A coding kata is a way to practice something to get better at it — just like the karate counterpart. I also use katas to get familiar with new tools and approaches.
One of the last tasks on the agenda before shipping my books is to make the formatting support the material instead of making it harder to understand.
Softcover is nice because it lets you stay mostly in Markdown, but you can drop in LaTex for more advanced formatting needs. I started by using inline code formatting for everything from function names, API calls, code snippets, to file paths. For UI instructions, I was using double quotes and a mixture of inline stuff.
In 2013, I learned I could take a break. In 2014, I learned to set my own course.
I led a team of Android developers, started a consulting business, ventured into startup land, joined the board of a non-profit (we opened computer labs in Mexico and Morocco), expanded the Google Developer Group (GDG), and started hosting on AirBnB.
I was free to spend most of June abroad and saw the northern lights in October. I spoke in Stockholm and Amsterdam. I attended Droid NYC, Google I/O, and two GDG conferences. I mentored at LadyHacks and inspired others to speak at conferences.
Excited to see this foundation grow in 2015.
If you are already a programmer by trade, an excellent resource is Professional Android 4 Application Development.* It set a high bar and teaches Android in an approachable fashion.
I got my start with version 2, in the time before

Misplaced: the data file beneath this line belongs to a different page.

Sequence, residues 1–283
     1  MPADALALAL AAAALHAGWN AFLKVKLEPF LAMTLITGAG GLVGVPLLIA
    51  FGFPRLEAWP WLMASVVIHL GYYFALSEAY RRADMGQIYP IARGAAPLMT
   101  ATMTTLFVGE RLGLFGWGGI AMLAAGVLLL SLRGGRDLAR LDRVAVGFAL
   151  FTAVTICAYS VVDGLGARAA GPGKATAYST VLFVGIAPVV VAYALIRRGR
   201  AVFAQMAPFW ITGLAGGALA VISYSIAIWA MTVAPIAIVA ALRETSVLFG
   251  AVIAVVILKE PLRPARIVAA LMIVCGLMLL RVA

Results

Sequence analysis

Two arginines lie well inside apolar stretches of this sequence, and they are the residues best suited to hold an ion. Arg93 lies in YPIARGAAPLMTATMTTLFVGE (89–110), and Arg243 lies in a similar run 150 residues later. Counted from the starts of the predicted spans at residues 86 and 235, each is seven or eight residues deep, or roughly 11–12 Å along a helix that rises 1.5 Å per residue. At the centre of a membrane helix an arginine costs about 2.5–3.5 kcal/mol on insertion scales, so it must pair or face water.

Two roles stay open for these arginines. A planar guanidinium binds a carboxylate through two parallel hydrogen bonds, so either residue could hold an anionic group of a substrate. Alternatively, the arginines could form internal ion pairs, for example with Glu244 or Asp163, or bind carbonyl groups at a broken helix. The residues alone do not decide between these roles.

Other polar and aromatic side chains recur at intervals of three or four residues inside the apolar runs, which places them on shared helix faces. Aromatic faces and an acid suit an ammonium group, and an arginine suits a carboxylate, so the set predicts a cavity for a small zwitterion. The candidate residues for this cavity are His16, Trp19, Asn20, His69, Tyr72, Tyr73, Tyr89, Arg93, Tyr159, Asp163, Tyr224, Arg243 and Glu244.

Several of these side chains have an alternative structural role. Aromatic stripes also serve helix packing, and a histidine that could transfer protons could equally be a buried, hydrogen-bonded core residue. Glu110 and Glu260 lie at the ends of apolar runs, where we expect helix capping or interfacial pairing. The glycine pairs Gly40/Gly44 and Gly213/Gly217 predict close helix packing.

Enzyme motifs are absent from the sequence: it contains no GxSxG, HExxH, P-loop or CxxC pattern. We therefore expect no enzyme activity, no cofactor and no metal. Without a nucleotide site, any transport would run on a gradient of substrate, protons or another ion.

Fragments and tablets. The book was updated for Ice Cream Sandwich, but a lot has changed in the last few years. Hopefully there’s a new version on the way.
Have you wanted to get started with a conference speaking career but don’t know how? It’s a lot easier than it appears on the outside!
Own Your Expertise. We are all experts of our own experience. Sharing our path, passion, and knowledge inspires others. We don’t need to know everything about a topic to have something valuable to say!
I was inspired by three different sources to give a talk at Barcamp this past Saturday.
First, I attended the inaugural Write/Speak/Code conference last year. During the Write day, we learned how to own our expertise and write op ed columns (something that’s on my short term goal list). The Speak day was all about the mechanics of drafting and submitting talks. (Pam Selle and I spoke on the Code day about feminist models for open source participation).
Continue reading Barcamp Philly 2014
I gave a workshop today at Barcamp Philly that heavily drew from Julie Pagano’s workshop and slides. I reorganized the time frame (her workshop is a whole day and walks you through many more steps of conference presenting) and made it fit in a 45 minute time frame.
Have a short deadline? Boss breathing down your neck?
Don’t start prowling github just yet! Work through the following steps first.
1. Determine what you need.
Sounds simple, but so often we skip this basic step.
When Women Stopped Coding is a (mostly) non-depressing look at what was happening in the 80’s and 90’s to contribute to the plummeting number of women in computer science. In particular, I hadn’t thought deeply about the emergence of computing have and have nots.
My parents didn’t buy a computer for the home. Luckily I had access to computers at my friend’s homes and was on the Internet pretty darn early via Tallahassee Freenet & BBSes in 1995. I went to nicer middle and high schools that had technology classes (though not programming, just typing). I often frequented the library to get online. I loved finally having 24-hour access to the computer lab in my dorm during my first year of college (1998).
Frustrated by fragments? Intrigued by dependency injection? It may be tempting to switch approaches to solve your current pain.
Don’t throw away that code just yet! Think through the following questions first.